[Question] Logical inductors in multistable situations.

I was read­ing about log­i­cal in­duc­tion at


and un­der­stand how it re­solves para­dox­i­cal self refer­ence, but I’m not sure what the in­duc­tor will do in situ­a­tions where mul­ti­ple sta­ble solu­tions ex­ist.


If is con­tin­u­ous then it must have a fixed point. Even if it has finitely many dis­con­ti­nu­ities, it must have an “al­most fixed” point. An such that

How­ever some have mul­ti­ple such points.

Has “al­most fixed” points at , and .

A similar con­tin­u­ous is


Hav­ing ev­ery point fixed.


Th­ese func­tions make the log­i­cal in­duc­tor ver­sion of “this state­ment is true”. Mul­ti­ple val­ues can be con­sis­tently ap­plied to this log­i­cally un­cer­tain vari­able. None of the pos­si­ble val­ues al­low a money pump, so the tech­nique of show­ing that some be­havi­our would make the mar­ket ex­ploitable that is used re­peat­edly in the pa­per don’t work here.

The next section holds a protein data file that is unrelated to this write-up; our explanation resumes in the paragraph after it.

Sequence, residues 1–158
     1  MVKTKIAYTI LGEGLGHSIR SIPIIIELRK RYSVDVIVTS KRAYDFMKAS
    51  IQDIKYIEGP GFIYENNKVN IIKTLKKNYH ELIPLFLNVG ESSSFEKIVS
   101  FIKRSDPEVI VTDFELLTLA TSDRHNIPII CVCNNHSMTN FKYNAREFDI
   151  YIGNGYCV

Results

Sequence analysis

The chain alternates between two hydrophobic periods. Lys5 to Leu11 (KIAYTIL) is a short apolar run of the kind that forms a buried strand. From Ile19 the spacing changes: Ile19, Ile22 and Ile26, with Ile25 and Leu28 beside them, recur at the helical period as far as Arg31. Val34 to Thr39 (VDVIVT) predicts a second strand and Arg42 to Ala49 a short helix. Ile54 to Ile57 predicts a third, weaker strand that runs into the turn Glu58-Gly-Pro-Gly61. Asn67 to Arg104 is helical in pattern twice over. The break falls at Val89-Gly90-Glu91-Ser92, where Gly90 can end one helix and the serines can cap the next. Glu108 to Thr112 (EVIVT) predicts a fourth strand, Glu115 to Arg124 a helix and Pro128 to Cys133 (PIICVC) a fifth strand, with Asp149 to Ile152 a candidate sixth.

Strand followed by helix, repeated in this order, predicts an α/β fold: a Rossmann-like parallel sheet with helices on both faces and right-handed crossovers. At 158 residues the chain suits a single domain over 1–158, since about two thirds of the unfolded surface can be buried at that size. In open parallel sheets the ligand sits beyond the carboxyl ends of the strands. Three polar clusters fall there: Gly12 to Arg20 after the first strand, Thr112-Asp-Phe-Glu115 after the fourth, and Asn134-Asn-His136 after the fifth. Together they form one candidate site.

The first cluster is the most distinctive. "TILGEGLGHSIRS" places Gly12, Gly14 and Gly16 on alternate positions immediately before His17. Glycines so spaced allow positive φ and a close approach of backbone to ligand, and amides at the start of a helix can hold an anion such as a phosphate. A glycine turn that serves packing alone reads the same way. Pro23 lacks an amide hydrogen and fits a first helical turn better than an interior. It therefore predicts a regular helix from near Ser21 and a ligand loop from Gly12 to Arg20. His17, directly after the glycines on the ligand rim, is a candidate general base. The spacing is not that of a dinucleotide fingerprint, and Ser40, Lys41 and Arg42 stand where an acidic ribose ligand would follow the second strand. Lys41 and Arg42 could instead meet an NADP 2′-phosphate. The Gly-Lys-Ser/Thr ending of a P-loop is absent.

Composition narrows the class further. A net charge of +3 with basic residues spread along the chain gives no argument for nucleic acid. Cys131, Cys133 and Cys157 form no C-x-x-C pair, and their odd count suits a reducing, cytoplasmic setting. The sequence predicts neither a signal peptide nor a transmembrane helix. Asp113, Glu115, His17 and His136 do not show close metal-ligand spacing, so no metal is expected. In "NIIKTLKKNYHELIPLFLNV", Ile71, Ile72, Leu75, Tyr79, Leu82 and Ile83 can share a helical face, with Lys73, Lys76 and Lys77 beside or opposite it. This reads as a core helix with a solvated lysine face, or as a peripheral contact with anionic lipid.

Is the value of uniquely defined or does it de­pend on the im­ple­men­ta­tion de­tails of the log­i­cal in­duc­tor? Does it tend to a limit as ? Is there a sense in which

causes has a stronger at­trac­tor to than it does to ?

Can be 0.6 where

be­cause the small­est vari­a­tion would force it to be ?